This fall, the principal of P.S. 41 in the West Village saw firsthand the dangers of New York City streets. In front of the school’s W. 11th St. entrance, she witnessed an out-of-control taxi careen into a child and caregiver.
Such accidents are not uncommon on our streets. According to the New York Police Department, last year more than 16,000 pedestrians and cyclists were injured in traffic accidents and 178 were killed, many of these incidents occurring in my state Senate district. Last July, a driver jumped the curb in the East Village, killing one bystander and seriously injuring several other pedestrians. Just last month, an M.T.A. bus driver was killed when his bus was struck by someone driving a stolen truck at 14th St. and Seventh Ave. And in 2012, Jessica Dworkin, a.k.a. Jessie Blue, a fixture in the Soho community, died after being struck and dragged by a tractor-trailer at Sixth Ave. and Houston St.
There seems to be no end in sight to these tragedies. At the current rate, pedestrian deaths in New York City are on pace to surpass homicides this year. The good news is that the de Blasio administration has developed a bold strategy, the “Vision Zero Action Plan,” to address this epidemic head-on with the ambitious goal of eliminating traffic deaths within a decade. The plan (available at nyc.gov/visionzero) is a unique interagency effort developed by the Department of Transportation, the N.Y.P.D., the Taxi and Limousine Commission and the Department of Health and Mental Hygiene.
The plan’s 63 initiatives include: increasing enforcement against dangerous moving violations; increasing speeding enforcement at the precinct level; developing borough-wide safety plans; implementing safety engineering improvements at 50 intersections and corridors; implementing eight new neighborhood slow zones and 25 new arterial slow zones; installing speed cameras at 20 new authorized locations; issuing summonses to T.L.C. drivers identified by red-light cameras; creating a T.L.C. safety enforcement squad; ensuring all city fleet vehicles are equipped with technology that records speeding and other dangerous driving behavior; and conducting public health surveillance on traffic-related hospitalizations and fatalities.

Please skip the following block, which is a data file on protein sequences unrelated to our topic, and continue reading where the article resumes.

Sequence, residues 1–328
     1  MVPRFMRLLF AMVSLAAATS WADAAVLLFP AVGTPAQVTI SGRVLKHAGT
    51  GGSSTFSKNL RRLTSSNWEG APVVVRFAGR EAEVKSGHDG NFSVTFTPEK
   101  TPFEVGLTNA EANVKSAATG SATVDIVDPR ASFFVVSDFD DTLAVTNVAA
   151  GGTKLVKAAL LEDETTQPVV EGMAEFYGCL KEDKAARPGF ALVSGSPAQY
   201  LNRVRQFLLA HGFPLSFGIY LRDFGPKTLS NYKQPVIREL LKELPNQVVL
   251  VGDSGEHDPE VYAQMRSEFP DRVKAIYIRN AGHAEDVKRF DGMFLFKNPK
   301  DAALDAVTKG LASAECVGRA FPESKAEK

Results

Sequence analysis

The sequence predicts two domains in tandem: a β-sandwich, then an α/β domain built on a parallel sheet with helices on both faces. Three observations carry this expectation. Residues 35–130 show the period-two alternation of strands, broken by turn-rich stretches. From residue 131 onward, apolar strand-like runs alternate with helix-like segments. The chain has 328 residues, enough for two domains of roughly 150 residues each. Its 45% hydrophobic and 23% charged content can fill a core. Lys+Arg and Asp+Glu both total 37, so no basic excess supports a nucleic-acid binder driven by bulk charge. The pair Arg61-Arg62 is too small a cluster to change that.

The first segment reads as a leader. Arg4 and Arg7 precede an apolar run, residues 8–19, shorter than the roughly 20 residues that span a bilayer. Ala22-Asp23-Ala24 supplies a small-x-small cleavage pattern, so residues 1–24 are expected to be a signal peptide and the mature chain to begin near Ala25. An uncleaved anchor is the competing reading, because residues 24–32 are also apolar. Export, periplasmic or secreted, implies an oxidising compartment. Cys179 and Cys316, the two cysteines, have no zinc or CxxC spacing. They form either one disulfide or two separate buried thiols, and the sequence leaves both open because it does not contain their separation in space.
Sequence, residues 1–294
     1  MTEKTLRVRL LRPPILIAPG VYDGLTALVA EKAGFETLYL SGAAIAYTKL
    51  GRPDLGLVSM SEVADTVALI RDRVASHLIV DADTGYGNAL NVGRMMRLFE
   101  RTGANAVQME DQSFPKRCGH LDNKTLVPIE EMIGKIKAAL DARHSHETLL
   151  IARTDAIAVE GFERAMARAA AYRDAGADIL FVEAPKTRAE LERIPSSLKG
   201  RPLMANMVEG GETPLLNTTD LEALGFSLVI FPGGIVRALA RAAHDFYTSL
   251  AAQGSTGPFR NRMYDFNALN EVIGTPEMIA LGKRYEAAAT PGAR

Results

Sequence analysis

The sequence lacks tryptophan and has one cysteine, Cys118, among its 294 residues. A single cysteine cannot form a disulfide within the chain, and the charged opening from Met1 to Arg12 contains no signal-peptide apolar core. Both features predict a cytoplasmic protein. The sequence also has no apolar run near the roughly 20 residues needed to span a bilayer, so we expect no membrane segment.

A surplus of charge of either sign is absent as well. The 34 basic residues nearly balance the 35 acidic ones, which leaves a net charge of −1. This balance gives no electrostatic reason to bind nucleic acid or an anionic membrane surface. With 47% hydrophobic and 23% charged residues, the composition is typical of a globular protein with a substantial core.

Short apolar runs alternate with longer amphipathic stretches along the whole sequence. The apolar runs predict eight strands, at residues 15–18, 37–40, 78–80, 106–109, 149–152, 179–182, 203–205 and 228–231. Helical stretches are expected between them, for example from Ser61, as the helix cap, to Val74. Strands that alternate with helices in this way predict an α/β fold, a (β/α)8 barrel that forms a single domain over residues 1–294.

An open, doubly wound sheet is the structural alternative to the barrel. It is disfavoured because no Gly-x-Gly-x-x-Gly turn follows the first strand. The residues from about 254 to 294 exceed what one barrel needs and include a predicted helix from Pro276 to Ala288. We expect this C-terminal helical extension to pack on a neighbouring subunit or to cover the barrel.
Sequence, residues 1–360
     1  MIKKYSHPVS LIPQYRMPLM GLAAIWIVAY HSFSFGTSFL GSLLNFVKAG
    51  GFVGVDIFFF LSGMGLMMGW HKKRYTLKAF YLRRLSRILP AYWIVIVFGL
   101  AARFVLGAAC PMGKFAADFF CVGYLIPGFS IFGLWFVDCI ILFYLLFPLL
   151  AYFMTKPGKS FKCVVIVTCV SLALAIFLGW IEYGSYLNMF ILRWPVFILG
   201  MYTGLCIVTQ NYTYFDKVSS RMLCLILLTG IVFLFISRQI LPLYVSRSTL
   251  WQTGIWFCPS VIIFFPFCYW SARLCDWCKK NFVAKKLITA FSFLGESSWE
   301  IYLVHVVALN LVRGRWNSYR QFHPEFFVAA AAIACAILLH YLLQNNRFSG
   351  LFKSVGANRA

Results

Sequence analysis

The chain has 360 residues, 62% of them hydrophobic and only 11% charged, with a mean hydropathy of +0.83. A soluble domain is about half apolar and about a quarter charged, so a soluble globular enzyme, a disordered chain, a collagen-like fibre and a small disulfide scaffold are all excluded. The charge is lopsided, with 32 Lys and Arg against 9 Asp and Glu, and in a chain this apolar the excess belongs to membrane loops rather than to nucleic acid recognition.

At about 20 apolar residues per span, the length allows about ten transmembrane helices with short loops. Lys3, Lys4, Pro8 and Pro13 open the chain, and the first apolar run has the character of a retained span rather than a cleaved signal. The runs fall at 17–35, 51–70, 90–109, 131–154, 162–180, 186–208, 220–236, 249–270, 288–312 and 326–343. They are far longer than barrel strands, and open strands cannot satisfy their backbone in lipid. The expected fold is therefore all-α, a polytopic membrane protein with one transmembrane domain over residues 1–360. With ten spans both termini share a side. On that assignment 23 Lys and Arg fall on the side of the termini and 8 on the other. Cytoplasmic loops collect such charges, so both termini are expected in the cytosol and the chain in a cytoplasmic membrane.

Community interest in these measures seems high. A town hall forum on Vision Zero I sponsored last week with D.O.T. Commissioner Polly Trottenberg was packed with supporters from across the Senate district. Public support will be key, since both city and state action is required to enact many of the laws and regulations in the Vision Zero plan.
I’m proud to have introduced two of the bills necessary to fully enact Vision Zero. My first bill (S6651) would grant New York City home rule to set its own, lower speed limit. Reduced speed limits have been proven to reduce fatality rates and give pedestrians, bicyclists, motorcyclists and drivers increased response time. Under current New York State law, citywide speed limits in New York City cannot be set below 30 miles per hour by the City Council. My bill would amend the state law to give New York City home rule power over establishing its own citywide speed limit as low as 25 miles per hour.
The second bill (S6648) would require side under-ride guards for large trucks operating in the city to protect pedestrians, cyclists, motorcyclists and smaller vehicles from sliding underneath them. Perhaps the tragedy that befell Jessie Blue might have been avoided had the tractor-trailer that hit her had an under-ride guard to prevent her from being dragged under its wheels.
There are other bills on the mayor’s Vision Zero state legislative agenda that I am co-sponsoring, including ones that would grant New York City full local authority over the placement and number of red-light cameras; increase penalties for driving with a suspended or revoked license; update state driver education to improve interactions with pedestrians and bicyclists; and (in legislation sponsored by Senator Daniel Squadron and Assemblymember Brian Kavanagh) crack down on careless drivers who injure pedestrians and bicyclists.
The most challenging piece may be the support from the state Legislature in Albany, where New York City’s priorities sometimes fall victim to Republicans in the state Senate. There is much work to do but the effort will be worth it. In other U.S. communities that have tried Vision Zero tactics, the number of traffic deaths has fallen at least 25 percent faster than the national average. With so many lives at stake, as Mayor de Blasio said, there’s “nothing more urgent” than getting Vision Zero right.
If you want to get involved in the effort to support Vision Zero, contact me at firstname.lastname@example.org or call 212-633-8052.